Another economic consideration in the tobacco-free programs is the impact these will have on the tobacco industry whose production reached Php 4.7 billion in 2010. Moreover, as the National Tobacco Administration (NTA) reports, the industry contributes “…an average of P30 billion annually to the national coffers from the excise tax payments of cigarette manufacturers.” The NTA is a regulatory body under the Department of Agriculture (DA) which is tasked to advance and protect those whose livelihoods depend on the tobacco industry.
Tobacco and the Philippine Economy - Government Efforts and Increased TaxesTobacco has played a crucial role in Philippine history and in the country’s economic development. Plantations of this crop can be found “in 27 provinces, covering approximately 40,297 hectares” (NTA 2008). Presently, the industry benefits almost two million Filipinos. This includes over 62,000 tobacco farmers and their families, as well as technicians and workers in cure barn, trading center re-drying plants, and cigarette factories.
The Philippine government, through the DA-NTA, invested in the establishment of a “Quality Assurance Laboratory”. The facility has “state-of-the-art analytical equipment, capable of detecting the presence and level of toxins and carcinogenic substances on tobacco leaf and tobacco products, which are the burning issues oft-repeatedly raised by some government and non-government health advocates.”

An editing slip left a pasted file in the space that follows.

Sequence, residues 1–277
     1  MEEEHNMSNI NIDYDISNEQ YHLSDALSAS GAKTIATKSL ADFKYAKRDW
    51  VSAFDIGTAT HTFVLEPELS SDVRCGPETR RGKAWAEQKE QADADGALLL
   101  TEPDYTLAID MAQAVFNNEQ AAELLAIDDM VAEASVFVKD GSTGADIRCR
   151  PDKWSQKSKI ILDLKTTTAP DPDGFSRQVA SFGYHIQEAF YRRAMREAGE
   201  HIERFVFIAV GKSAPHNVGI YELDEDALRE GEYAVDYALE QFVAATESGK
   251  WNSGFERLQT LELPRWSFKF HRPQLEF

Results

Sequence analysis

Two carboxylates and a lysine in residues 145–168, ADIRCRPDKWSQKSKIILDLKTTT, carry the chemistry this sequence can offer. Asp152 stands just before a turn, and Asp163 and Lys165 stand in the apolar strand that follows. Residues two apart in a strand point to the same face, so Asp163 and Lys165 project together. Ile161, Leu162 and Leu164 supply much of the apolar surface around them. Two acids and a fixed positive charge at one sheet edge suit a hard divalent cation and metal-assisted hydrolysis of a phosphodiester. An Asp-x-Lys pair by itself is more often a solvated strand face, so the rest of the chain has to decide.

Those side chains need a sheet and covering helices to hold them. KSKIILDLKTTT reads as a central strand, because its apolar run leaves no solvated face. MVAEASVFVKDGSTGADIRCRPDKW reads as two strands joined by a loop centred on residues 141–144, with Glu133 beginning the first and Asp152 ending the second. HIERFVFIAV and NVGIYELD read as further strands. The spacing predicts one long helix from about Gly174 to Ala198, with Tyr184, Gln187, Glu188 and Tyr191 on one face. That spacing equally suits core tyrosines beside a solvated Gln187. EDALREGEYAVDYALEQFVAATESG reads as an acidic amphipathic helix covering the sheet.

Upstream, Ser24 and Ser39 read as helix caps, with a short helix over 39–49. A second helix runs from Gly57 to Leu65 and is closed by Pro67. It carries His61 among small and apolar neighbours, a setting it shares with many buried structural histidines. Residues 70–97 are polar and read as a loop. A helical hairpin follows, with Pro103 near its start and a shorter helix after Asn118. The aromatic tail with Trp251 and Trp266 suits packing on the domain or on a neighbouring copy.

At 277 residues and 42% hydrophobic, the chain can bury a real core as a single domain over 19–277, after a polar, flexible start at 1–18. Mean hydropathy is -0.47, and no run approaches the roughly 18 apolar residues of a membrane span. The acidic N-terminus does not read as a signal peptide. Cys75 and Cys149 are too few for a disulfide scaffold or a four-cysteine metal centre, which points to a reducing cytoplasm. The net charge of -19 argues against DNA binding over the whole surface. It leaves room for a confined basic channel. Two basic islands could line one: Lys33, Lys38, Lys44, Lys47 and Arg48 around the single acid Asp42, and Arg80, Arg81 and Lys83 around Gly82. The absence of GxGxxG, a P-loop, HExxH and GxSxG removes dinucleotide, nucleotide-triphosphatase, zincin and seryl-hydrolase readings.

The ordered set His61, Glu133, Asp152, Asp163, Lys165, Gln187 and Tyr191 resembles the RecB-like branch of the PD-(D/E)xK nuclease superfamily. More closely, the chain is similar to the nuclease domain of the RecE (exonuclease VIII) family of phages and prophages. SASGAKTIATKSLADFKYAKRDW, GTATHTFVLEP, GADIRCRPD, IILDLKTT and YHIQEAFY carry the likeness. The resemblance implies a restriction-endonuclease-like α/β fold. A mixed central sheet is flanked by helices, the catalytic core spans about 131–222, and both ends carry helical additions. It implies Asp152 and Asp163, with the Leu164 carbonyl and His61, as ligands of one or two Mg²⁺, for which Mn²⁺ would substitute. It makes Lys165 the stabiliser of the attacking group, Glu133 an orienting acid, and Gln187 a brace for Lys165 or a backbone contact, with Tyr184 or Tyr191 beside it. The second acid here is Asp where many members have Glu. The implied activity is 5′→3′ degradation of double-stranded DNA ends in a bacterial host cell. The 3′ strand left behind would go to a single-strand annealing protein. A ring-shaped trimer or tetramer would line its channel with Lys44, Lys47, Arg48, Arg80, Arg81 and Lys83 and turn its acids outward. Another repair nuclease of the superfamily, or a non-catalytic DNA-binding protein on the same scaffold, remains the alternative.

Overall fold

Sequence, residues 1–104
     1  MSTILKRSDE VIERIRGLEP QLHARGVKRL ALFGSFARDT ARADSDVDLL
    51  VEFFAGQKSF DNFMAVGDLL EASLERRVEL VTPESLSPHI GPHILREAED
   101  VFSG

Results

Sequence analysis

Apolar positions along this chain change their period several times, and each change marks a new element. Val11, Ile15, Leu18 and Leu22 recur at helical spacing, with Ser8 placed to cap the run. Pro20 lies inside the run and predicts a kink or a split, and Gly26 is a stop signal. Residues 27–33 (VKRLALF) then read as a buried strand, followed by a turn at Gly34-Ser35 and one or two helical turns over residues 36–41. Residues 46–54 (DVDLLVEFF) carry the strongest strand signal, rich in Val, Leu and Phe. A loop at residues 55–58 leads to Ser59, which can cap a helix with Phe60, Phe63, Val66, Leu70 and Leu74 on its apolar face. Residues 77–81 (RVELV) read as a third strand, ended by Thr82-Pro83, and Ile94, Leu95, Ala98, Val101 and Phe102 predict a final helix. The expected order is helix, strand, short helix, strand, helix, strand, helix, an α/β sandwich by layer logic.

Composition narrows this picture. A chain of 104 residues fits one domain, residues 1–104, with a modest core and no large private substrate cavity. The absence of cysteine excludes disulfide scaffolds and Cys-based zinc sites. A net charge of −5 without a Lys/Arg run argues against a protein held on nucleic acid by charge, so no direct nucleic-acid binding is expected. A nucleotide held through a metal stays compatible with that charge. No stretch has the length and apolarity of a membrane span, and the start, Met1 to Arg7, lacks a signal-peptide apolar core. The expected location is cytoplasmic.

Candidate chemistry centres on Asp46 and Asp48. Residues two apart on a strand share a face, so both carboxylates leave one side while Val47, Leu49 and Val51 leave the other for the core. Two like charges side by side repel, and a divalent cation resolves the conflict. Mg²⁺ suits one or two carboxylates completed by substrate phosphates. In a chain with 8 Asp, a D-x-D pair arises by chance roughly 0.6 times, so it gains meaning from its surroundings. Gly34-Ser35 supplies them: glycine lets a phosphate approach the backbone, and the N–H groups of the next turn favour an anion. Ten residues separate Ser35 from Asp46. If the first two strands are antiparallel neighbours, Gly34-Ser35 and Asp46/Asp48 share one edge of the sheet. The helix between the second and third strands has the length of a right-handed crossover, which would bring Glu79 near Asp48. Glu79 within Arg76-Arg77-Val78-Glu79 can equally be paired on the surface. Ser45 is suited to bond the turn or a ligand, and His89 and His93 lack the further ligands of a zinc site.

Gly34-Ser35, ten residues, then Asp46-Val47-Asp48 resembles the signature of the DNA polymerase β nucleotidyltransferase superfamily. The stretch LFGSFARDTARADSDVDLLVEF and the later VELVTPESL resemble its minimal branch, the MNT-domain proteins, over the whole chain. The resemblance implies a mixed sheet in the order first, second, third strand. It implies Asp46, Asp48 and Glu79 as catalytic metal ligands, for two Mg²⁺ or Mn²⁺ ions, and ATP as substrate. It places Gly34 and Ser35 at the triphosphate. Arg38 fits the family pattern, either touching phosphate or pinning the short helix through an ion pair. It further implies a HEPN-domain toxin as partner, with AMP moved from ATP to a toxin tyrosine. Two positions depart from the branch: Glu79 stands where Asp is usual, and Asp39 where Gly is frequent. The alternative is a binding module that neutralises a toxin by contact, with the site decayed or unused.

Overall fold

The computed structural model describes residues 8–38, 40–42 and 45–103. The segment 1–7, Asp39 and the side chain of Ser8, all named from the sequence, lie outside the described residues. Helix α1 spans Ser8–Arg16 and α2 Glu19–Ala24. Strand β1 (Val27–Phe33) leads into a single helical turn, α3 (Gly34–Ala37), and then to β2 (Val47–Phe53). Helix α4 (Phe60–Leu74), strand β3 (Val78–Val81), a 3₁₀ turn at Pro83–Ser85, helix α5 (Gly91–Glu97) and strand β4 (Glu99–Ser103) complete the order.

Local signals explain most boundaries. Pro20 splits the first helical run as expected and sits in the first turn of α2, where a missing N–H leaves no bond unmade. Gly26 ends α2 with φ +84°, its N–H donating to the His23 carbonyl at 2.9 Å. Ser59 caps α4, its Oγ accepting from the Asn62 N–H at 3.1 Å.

Edgardo Zaragoza, current NTA administrator, conducted a series of dialogues with tobacco farmers to “advocate the massive production of high-quality tobacco” as the world market continues to demand for the product “despite the presence of smear campaign against tobacco smoking by various health groups…” He is committed “to earn more income for our government coffers and help our farmers to raise their standard of living.” This goal is aligned with President Benigno Aquino III’s vision of improving the lives of Filipinos. Thus, it opposes increasing cigarette taxes, for it will raise cigarette prices and negatively affect the economic conditions of tobacco industry workers and their families.